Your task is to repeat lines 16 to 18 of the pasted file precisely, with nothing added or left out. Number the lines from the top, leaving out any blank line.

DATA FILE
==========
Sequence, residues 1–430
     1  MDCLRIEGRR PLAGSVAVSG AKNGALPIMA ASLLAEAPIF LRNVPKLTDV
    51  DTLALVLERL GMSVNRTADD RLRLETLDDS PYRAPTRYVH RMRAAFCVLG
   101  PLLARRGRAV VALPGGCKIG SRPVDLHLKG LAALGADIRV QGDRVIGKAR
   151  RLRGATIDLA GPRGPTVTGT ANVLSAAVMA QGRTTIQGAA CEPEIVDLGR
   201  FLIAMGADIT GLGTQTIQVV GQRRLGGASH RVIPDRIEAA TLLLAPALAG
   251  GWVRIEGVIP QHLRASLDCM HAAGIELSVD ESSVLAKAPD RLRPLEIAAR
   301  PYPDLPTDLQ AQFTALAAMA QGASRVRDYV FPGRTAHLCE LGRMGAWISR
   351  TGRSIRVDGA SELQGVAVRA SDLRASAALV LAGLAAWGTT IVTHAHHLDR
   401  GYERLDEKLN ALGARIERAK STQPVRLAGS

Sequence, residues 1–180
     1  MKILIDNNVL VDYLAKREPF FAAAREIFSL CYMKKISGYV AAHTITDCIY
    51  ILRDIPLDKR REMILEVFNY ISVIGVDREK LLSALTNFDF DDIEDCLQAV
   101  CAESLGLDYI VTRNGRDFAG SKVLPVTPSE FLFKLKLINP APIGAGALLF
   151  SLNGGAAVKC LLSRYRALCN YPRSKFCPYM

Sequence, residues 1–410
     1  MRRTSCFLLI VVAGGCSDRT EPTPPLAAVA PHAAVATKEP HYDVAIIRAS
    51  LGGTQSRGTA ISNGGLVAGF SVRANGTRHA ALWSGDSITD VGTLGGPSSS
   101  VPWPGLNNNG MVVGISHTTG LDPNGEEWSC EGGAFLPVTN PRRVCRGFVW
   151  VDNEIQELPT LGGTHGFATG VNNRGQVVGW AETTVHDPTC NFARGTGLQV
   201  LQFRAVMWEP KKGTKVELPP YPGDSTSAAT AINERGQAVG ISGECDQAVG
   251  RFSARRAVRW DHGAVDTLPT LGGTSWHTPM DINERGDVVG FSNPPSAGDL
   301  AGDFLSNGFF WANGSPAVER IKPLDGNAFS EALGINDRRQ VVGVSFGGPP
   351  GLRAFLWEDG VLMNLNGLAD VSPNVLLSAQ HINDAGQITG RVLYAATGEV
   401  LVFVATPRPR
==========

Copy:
Sequence, residues 1–410
     1  MRRTSCFLLI VVAGGCSDRT EPTPPLAAVA PHAAVATKEP HYDVAIIRAS
    51  LGGTQSRGTA ISNGGLVAGF SVRANGTRHA ALWSGDSITD VGTLGGPSSS